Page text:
Thursday, December 04, 2008

Steroid Policy is about Public Perception for NFL

Since becoming an NFL columnist, far too often I find myself writing about the litany of off the field problems plaguing the league. Believe me, it's mot my first option...I would much rather focus on what's going on between the lines.

Roger Goodell just won't let me.

Names like Michael Vick, Pacman Jones and Chris Henry have been regulars on the police blotter over the years and have been recently joined by Super Bowl hero Plaxico Burress, so I understand why everyone championed the tough-talking Goodell after he took over for the laid back Paul Tagliabue.

The new commish's sycophants felt that the NFL's version of a phony, moralistic preacher would clean up the league with his tough governing style.

Hasn't really worked has it?

And to be honest, it isn't really Goodell's fault. Grown men doing stupid things isn't the NFL's problem.

But, the league's policies? That's all Goodell and he's in a heap of trouble. The commish has now morphed into the character he created for television. He really has become the arrogant judge of values he portrays.

In Goodell's world, the end justifies the means, no matter the collateral damage. If Vince McMahon were here -- he would tell you Goodell is living his gimmick. He's now Ric Flair or "The Rock" and no longer Richard Fliehr or Dwayne Johnson.

The lawsuit filed against the NFL by Vikings defensive tackles Pat and Kevin Williams includes some explosive allegations.

It claims the league suspended the "Williams Wall" not because they felt they were masking the use of steroids by taking a tainted supplement, but to placate public officials (congress), who may think the NFL isn't doing it's part to eliminate the use of performance-enhancing substances.

As rumored, Peter Ginsberg, the Williams’ New York-based lawyer, is also alleging that the NFL chose not to disclose that StarCaps secretly included Bumetanide so that the league would be able to catch "violators" of the steroids policy, and thus convince Arlen Specter that the league has a meaningful steroids program in place even though Human Growth Hormone abuse is running rampant.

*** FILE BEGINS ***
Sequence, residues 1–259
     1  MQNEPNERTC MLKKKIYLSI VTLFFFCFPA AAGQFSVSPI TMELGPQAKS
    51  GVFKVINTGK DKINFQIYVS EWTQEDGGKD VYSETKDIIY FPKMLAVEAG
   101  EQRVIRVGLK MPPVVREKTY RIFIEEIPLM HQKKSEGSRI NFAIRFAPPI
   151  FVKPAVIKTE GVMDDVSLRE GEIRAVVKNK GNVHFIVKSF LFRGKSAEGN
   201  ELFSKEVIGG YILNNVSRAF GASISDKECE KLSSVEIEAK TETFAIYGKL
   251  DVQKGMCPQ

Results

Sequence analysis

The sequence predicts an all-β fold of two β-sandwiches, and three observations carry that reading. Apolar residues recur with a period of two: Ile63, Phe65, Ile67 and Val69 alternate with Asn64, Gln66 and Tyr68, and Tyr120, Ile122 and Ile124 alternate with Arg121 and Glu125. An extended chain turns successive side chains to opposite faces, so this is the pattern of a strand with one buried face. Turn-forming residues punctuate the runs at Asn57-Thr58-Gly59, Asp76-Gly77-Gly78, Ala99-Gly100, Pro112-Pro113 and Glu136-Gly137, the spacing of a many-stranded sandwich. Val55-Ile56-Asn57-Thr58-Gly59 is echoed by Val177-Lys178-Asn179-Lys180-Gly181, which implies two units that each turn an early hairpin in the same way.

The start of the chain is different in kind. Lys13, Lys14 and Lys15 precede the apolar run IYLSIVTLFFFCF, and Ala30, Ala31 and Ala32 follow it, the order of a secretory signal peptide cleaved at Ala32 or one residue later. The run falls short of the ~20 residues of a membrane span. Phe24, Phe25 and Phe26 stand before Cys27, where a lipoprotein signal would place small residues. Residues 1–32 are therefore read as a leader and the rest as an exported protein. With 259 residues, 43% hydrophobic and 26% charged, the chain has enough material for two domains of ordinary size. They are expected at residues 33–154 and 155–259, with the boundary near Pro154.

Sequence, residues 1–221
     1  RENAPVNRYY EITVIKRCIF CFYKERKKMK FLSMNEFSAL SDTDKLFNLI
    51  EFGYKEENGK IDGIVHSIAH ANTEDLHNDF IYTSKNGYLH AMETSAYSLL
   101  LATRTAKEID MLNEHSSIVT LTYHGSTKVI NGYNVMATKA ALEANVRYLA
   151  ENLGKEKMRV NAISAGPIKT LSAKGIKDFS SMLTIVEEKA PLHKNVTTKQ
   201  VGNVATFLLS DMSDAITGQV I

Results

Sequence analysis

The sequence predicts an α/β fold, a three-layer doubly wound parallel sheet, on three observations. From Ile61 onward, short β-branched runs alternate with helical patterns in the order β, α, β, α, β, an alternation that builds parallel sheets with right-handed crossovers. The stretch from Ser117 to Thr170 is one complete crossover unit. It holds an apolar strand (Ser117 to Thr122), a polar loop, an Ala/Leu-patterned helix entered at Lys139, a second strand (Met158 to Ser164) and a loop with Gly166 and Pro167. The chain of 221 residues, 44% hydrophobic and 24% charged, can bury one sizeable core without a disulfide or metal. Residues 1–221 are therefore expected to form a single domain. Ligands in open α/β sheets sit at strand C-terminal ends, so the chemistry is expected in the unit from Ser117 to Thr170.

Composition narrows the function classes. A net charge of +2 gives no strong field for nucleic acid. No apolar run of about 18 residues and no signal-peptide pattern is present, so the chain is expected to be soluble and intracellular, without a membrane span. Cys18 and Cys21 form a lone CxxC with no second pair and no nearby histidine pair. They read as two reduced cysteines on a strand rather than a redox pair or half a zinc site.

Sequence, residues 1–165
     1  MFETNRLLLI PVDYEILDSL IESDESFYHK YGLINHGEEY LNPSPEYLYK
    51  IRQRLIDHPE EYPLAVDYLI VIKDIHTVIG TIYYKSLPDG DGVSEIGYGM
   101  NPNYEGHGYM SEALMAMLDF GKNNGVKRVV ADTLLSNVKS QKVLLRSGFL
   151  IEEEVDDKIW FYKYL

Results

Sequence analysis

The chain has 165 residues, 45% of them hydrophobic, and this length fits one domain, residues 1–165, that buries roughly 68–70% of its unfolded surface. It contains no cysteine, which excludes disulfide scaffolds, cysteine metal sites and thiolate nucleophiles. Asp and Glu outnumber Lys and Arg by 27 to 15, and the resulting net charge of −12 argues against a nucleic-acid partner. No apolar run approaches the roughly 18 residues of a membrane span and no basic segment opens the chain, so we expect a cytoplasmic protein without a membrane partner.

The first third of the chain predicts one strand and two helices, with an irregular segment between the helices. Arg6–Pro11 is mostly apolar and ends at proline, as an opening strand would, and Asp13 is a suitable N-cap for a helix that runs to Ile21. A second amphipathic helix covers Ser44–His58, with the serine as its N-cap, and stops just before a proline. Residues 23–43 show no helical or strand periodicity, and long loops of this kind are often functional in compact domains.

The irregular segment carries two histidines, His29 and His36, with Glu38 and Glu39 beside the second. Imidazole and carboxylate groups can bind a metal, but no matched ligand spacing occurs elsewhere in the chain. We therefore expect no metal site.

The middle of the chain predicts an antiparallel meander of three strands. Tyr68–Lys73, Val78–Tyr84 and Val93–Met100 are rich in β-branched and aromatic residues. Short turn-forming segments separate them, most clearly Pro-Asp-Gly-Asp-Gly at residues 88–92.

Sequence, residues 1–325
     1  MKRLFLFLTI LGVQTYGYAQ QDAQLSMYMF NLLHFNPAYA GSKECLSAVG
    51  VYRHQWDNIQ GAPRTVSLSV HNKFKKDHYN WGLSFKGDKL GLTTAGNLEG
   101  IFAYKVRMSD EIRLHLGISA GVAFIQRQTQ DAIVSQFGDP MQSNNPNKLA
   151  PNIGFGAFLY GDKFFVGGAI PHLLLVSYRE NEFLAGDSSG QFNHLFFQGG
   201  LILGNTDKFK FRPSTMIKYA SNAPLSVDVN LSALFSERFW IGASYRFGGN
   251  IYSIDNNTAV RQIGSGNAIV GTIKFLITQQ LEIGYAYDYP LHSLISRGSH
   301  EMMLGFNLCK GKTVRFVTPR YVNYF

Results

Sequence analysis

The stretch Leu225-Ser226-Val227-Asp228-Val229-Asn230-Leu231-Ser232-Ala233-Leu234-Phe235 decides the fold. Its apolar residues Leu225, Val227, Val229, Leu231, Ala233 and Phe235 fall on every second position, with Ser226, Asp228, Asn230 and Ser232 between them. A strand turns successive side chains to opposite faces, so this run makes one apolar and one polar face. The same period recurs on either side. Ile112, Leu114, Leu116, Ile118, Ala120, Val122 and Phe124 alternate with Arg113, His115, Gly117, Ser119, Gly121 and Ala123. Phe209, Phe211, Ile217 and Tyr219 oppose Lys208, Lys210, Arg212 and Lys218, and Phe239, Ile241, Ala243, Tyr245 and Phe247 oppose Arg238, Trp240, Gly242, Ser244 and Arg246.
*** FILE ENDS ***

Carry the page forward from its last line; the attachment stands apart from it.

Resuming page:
It's a powerful argument since the stated intent of the NFL's steroid policy is to "protect the health and well being of the NFL players."

"The NFL wants to take away (Pat and Kevin Williams') reputations and a significant portion of their careers and I cannot tell you why," Ginsburg said in Hennpin County, Minn. court Wednesday. "There is no decent excuse for what the NFL has done to these players."

The complaint further alleges fraud, misrepresentation and breach of fiduciary duty by Roger Goodell's NFL.

But perhaps, the smoking gun is this little nugget...According to Pro Football Talk, one of the facts that came out in the appeal hearings for the various players who tested positive is that the NFL learned of the possible link between StarCaps and Bumetanide when a player tested positive for the banned diuretic in 2006 after he had taken the supposedly "all-natural" supplement.

That player was never suspended, a key point since the suit does not allege that the NFL violated the terms of its collectively-bargained steroids policy with the NFLPA.

So instead of answering any of the explosive charges -- the NFL and its lawyers are playing defense, claiming none of the league's misdeeds matter because the players agreed to the appeal process.

It's akin to the bully on the block taking the little kid's basketball because the little kid, hoping to save his teeth, agreed to give it to him.

"The NFL policy on steroids and related substances is a collectively bargained program between the league and the NFL Players Association," the NFL said in a statement after the lawsuit was filed. "The program and the collective bargaining agreement expressly bar precisely this kind of lawsuit.

"All of the steroid program's rules and procedures are established in agreement with the players' union. In other words, the players have agreed to the rules and the procedures that they are now challenging. There is no merit to this lawsuit, and we will promptly seek to have the order reversed."

In essence the league is ignoring what is right and claiming zero tolerance. A specious and arrogant argument since it already let one player off the hook for the same thing.

"It doesn't matter whether you took them to mask a steroid or whether you took them to lose weight," NFL lawyer Dan Nash said in court.

Ginsberg calmly countered that the NFL drug program is permeated by "fraud" and is "arbitrary and capricious" process. He won a temporary restraining order.

Embittered, the NFL's true colors came out.

"You'd have ESPN all over the place. This is going to be a sideshow," Nash told judge Gary Larson.

Perhaps it's time to look in the mirror and understand who created the sideshow.

But, public perception trumps common sense in Roger Goodell's NFL.

No comments: